The other trick is to do the stretching on the baking sheet you use to bake it. You will lose something by not putting it directly onto a hot surface, but I think that’s outweighed by the ease of not having to slide the dough around.



  • 300g strong white flour
  • 1 tsp dried yeast
  • 1 tsp sea salt
  • 180g water
  • 1 tbsp olive oil


  • small box of passata
  • 1 packet pre-grated mozzarella
  • 1 pack fresh mozzarella
  • toppings

Prepare the dough a couple of hours before you want to have dinner. Alternatively, you can prepare it the night before, and put it in the fridge. In that case, it helps to get it out of the fridge a bit before you want to bake with it.

Weigh out the flour and add the yeast and salt. Mix briefly together, and then add the water and oil. Stir everything together, or use a mixer with a dough hook.

Then knead everything for about 5 minutes, either by hand or in the mixer. Try not to add any extra flour. You can also use a food processor, with brief pulses.

Put the dough into an oiled bowl and cover with cling film. Leave at room temperature to rise (it doesn’t need to be somewhere warm).

When you are ready to bake, preheat the oven to 250C or as hot as you can get it – my highest temperature is 220C in a fan oven.

Divide the dough into two pieces, and shape into balls. Pat the dough out into a rough rectangle or oval, or use a rolling pin. Do this in stages, leaving the dough to rest for at least 5 minutes under a tea towel before trying to roll or stretch the dough again. This helps to get it really thin without breaking it or having it spring back.

Sprinkle a large baking sheet with cornmeal/polenta or semolina, or line it with baking parchment. Put the dough onto the sheet, and stretch the edges again to fill the sheet as much as you can.

Top the pizza with passata or tomato sauce, cheese and any other toppings. Bake at 220C for 10 minutes, until the edges are lightly browned, and the cheese is melted and bubbling.

Leave to stand for a couple of minutes before cutting into pieces.

Friday food links – 12 Feb 2016

Camellia in the gutter. A casualty of yesterday's storm, a sign of spring.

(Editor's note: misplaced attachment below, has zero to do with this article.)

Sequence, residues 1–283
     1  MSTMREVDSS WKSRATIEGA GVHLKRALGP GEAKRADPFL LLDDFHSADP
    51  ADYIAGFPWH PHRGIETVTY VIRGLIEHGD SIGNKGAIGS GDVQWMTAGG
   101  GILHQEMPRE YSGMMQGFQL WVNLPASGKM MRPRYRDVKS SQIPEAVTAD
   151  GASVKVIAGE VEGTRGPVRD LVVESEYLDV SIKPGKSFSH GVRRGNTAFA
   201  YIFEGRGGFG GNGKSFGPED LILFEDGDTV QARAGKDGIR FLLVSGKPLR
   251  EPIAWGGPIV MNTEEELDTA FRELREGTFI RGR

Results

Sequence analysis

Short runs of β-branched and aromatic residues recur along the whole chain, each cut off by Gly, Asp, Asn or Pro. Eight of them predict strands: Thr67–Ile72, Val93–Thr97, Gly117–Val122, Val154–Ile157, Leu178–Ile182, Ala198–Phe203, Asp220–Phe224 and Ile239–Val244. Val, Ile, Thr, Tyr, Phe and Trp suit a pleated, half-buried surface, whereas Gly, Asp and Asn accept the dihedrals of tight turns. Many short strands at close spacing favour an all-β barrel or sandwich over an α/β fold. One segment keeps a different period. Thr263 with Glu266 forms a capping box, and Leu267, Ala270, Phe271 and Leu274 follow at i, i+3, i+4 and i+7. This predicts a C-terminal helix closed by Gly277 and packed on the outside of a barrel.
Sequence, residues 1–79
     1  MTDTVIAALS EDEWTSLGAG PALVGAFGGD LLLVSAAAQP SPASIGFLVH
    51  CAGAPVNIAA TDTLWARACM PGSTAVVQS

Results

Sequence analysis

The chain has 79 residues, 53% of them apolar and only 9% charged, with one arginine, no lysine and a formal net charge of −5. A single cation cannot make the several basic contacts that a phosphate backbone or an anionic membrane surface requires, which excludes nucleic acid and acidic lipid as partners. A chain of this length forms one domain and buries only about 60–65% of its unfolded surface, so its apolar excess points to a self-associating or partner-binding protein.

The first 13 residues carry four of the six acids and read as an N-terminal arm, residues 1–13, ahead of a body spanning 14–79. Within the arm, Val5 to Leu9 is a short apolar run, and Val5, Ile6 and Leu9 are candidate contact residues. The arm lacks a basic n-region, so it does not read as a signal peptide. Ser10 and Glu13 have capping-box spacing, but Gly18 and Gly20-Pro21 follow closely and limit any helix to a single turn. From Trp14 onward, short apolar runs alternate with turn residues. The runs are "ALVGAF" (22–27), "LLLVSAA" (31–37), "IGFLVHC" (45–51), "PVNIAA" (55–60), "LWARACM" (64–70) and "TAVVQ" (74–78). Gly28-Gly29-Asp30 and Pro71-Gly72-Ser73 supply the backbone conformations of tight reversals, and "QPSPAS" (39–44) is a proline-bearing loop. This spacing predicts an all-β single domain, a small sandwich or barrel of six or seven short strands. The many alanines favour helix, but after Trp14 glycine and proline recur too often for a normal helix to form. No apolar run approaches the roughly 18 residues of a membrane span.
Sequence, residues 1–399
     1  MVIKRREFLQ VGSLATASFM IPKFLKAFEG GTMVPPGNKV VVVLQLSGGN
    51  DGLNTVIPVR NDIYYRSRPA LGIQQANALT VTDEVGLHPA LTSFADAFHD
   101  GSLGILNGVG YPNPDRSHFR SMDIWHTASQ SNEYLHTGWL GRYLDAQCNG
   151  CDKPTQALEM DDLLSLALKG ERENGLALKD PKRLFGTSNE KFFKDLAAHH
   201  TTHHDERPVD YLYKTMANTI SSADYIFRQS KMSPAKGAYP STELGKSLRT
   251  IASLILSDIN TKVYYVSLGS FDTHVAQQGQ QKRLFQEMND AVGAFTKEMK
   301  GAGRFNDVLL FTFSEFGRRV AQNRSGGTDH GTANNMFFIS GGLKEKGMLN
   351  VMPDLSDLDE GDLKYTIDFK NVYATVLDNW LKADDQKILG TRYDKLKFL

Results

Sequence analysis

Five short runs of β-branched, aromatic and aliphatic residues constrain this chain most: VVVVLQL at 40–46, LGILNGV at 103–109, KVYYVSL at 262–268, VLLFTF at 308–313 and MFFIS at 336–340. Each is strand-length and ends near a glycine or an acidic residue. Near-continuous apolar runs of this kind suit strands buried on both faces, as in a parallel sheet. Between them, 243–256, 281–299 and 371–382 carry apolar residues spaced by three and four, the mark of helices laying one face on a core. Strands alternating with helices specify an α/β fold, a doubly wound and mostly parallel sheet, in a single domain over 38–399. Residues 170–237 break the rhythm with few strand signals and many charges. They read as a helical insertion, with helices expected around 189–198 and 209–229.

This week has been powered by a big joint of pork shoulder that my mum slow-cooked on Saturday. It has been served with baked potatoes, in burrito bowls and in tortillas. It would have made it into pasta too if I’d remembered. I also made some freezer supplies for E: muffins to toast and banana date cakes. As it’s been a long time since a recipe featured anywhere on here, I’ve included the recipe for these below.


Without a recipe:

  • Pulled pork
  • Pasta with red peppers and mushrooms
  • Pork and black bean burritos
  • Pork burrito bowls
  • Slow cooker chicken curry
  • Carrot and sweet potato soup


A bit light on reading this week. I’ve been working through Anne-Marie Slaughter’s ‘Unfinished Business’, on the challenge of the work-life balance and the low value we place on care.

Banana date cakes

Recipe: Banana and Date cakes

Adapted from a banana cake in the Baby Led Weaning Cookbook, these little cakes have no sugar, but are still sweet from the bananas and dates, especially if you use really ripe bananas. They make great toddler food, or a good breakfast or mid-morning snack.

  • 100g self-raising wholemeal flour
  • 1/2 tsp mixed spice
  • 50g unsalted butter
  • 2 very ripe bananas (200g peeled)
  • 1 egg
  • 75g dates

Prepare a muffin tin by greasing or with paper cases. Preheat the oven to 180C/160C fan.

Chop the dates. If they are somewhat dry, cover with hot water and leave to soak for about 10 minutes. Drain and set aside.

Rub the butter into the flour. Stir in the mixed spice.

In another bowl, mash the bananas and mix in the egg. Add to the flour with the drained, chopped dates and mix everything together.

Spoon into cupcake or muffin cases and bake for 15 – 20 minutes.

Behind the recipe: How to make Christmas cake


A couple of weeks ago I made this year’s Christmas cake. I make my husband’s grandmother’s recipe, although, much to his horror, I do make some adjustments here and there. But it produces a fruit-packed dark cake that we both love, so it always seems worth it. And more than ever now we are a family of three, I enjoy the ritual of digging out the fruit in October, and making the cake, knowing that it promises cosy evenings and feasting to come in a couple of months. Even when all my good intentions of early Christmas shopping and house decorating come to nought, I feel comforted knowing that at least I have a cake stored away, that will make tea times feel festive.

Shauna from Gluten Free Girl wrote a lovely post earlier this year about the ritual of making the same food each week, of having a pattern to the week that everyone recognises. I feel the same way about these annual rituals of cooking. There is great comfort in a cooking ritual that evokes a specific time of year: marmalade in January, strawberries in June. But for a Brit, Christmas is the one time of year that we celebrate with specific festive foods. Americans have Thanksgiving, the Fourth of July, the Super Bowl to mark their cooking year. With Hot Cross Buns seemingly available all year round, Christmas is the last food feast in the calendar, even if it does seem to start in September.

When making a fruit cake for Christmas, there are certain rituals to the process that seem arcane. It seems to be a very complicated recipe, and it’s tempting to shortcut as many steps as possible. But why is the process so peculiar, compared to baking a straightforward sponge cake?